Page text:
Wood: Brown’s budget slams early childhood education
05.31.2016 | The Mercury News | Erica K. Wood
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Gov. Jerry Brown released his revised state budget earlier this month, and — simply put — it is bad news for California’s youngest kids. The governor’s proposed budget includes no new investments in early education, and it eliminates Transitional Kindergarten, a program that provides an extra year of public school for four-year-olds with fall birthdays. It currently serves 80,000 children.
At a time when the state has reinvested in jails, health, K-12 and higher education, it is still woefully behind in funding early education: at least $800 million behind, compared to state spending levels in 2008. Because of this gap in spending, more than 4,400 child care centers, providers and businesses statewide have shut their doors.
Thousands of children are entering school unprepared and already behind their classmates before they’ve attended a single day of school.
We urge the governor and the Legislature to restore $800 million in funding for early education and ensure that Transitional Kindergarten programs have a stable funding source.
Dozens of groups agree. The California Legislative Women’s Caucus released a statement earlier this month emphasizing its continued support of an $800 million investment for state child care programs in this year’s budget. Both the California Senate and Assembly Budget Subcommittees are calling for increased investments and have rejected the governor’s proposal outright.
For anyone who wonders why investments in early education matter, here is what decades of research tell us: Low-income children start falling behind their more privileged peers early in life, and that “achievement gap” is difficult to reverse later in life. What science tells us about brain development, along with long-term economic analyses, is that high-quality early child care and learning are essential to reducing the gap.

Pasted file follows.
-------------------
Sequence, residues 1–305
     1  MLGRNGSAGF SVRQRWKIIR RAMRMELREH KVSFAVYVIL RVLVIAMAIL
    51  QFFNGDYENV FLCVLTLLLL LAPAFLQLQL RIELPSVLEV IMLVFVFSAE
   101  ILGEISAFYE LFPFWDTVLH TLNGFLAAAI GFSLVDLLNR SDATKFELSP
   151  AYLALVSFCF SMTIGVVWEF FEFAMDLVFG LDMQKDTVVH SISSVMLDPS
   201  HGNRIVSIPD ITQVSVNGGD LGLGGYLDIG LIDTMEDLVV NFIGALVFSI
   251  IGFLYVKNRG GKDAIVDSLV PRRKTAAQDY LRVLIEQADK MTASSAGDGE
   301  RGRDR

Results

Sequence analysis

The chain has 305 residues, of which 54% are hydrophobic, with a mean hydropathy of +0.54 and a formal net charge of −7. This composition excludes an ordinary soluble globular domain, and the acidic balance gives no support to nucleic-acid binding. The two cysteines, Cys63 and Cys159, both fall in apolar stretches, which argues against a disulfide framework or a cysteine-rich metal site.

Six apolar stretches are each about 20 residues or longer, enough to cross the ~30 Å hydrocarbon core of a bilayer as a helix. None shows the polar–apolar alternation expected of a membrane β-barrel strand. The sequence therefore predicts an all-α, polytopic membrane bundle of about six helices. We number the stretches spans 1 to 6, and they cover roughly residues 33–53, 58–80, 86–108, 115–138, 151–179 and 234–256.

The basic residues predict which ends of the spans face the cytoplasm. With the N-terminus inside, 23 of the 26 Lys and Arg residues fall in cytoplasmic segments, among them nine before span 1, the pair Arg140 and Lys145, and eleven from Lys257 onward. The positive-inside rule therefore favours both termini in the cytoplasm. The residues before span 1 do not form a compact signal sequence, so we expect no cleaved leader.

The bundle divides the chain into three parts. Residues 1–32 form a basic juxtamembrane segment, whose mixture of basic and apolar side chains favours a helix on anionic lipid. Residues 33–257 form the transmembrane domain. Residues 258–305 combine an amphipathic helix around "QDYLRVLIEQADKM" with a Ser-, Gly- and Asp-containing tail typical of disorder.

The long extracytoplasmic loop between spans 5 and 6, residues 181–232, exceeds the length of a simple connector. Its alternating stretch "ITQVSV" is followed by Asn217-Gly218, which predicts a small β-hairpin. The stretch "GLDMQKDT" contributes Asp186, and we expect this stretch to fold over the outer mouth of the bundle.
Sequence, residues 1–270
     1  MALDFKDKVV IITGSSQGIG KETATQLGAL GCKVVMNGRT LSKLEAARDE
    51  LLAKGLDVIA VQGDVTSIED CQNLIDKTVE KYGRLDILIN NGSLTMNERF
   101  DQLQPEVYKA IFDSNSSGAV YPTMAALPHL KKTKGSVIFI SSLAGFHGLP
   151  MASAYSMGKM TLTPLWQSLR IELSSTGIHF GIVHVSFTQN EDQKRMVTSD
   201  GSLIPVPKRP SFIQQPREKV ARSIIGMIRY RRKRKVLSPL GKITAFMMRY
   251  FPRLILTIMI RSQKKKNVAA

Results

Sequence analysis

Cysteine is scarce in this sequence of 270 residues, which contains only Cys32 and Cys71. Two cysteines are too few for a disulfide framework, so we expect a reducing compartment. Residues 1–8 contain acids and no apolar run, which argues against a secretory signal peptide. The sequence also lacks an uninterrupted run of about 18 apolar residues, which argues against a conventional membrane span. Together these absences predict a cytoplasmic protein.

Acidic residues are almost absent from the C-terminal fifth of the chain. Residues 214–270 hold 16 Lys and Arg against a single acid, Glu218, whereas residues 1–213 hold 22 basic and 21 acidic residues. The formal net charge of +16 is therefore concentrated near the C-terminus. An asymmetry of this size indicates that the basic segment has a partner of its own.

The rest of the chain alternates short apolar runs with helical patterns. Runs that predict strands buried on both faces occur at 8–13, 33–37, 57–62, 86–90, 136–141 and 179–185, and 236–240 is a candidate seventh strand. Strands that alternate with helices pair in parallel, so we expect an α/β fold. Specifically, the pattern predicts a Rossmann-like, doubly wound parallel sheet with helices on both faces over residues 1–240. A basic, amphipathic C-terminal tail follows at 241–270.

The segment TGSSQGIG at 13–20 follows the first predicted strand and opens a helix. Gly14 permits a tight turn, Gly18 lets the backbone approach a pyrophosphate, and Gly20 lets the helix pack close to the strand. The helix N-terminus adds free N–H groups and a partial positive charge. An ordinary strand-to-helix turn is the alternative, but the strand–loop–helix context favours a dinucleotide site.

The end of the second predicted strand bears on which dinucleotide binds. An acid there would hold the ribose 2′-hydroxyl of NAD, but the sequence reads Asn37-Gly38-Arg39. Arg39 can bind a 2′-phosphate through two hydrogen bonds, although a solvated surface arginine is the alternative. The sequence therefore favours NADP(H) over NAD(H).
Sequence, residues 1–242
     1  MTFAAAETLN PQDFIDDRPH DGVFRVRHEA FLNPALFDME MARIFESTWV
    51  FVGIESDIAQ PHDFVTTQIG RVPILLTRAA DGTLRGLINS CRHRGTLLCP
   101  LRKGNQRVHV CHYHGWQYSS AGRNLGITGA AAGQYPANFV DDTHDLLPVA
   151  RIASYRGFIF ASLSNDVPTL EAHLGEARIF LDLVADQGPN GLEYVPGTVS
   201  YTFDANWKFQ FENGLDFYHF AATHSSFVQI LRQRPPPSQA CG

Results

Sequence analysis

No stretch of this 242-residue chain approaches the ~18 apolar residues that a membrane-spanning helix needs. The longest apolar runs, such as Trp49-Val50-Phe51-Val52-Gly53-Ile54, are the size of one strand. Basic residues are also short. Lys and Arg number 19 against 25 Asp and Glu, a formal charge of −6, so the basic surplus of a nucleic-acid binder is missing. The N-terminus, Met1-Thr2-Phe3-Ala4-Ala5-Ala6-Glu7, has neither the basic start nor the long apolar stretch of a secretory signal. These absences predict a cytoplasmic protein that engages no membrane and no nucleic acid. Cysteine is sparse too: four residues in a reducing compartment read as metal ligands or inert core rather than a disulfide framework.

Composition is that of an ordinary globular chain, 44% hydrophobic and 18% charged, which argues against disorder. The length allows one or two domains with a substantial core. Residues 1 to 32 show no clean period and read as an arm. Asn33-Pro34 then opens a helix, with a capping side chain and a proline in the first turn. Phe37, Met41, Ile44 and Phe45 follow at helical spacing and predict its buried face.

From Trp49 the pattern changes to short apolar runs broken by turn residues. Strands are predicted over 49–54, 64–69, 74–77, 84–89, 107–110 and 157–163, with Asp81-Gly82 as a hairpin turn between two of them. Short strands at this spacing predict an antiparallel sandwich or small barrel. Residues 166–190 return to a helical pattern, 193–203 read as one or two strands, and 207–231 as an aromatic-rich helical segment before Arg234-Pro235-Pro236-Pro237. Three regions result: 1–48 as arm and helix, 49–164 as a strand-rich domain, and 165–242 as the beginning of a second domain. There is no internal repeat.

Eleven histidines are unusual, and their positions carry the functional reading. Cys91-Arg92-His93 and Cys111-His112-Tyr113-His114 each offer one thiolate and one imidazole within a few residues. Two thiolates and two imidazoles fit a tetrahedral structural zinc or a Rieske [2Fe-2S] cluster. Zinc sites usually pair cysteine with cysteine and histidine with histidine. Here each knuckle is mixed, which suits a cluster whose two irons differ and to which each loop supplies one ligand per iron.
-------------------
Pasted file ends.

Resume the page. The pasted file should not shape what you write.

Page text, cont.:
But the benefits of investments in early learning go beyond academic achievement.
For every dollar invested in high-quality early childhood education programs, society saves $7 because of higher graduation rates and workforce participation, higher income and less reliance on public benefit programs such as welfare.
Today California is home to the highest percentage of children living in poverty in the nation. The governor says he is serious about alleviating poverty. Access to high-quality early childhood education programs are proven to break the cycle of poverty.
So why would he propose to reduce funding for these programs and reducing the amount the state reimburses nonprofits that serve the lowest-income children in our communities? Why would he eliminate Transitional Kindergarten after working for years to fully implement the program — one that recent research has shown to be effective in preparing students for academic success?
Members of the Legislature, the Women’s Legislative Caucus, a Silicon Valley coalition and advocacy groups across the state are asking these same questions.
Assembly Speaker Anthony Rendon has proposed to establish a Blue Ribbon Commission on Early Care and Education that would engage multiple stakeholders to design an effective, accessible system that serves California children from birth through five years old. We applaud this action and thoughtful approach to meeting the needs of families while providing the best education and support for our youngest learners.
The budget is a statement of our values and priorities as a society. It is time to prioritize our children in the final negotiations and budget package. They need to be first in line for increased public investments, not last.
Erica K. Wood is chief community impact officer of the Silicon Valley Community Foundation. She wrote this for the Mercury News.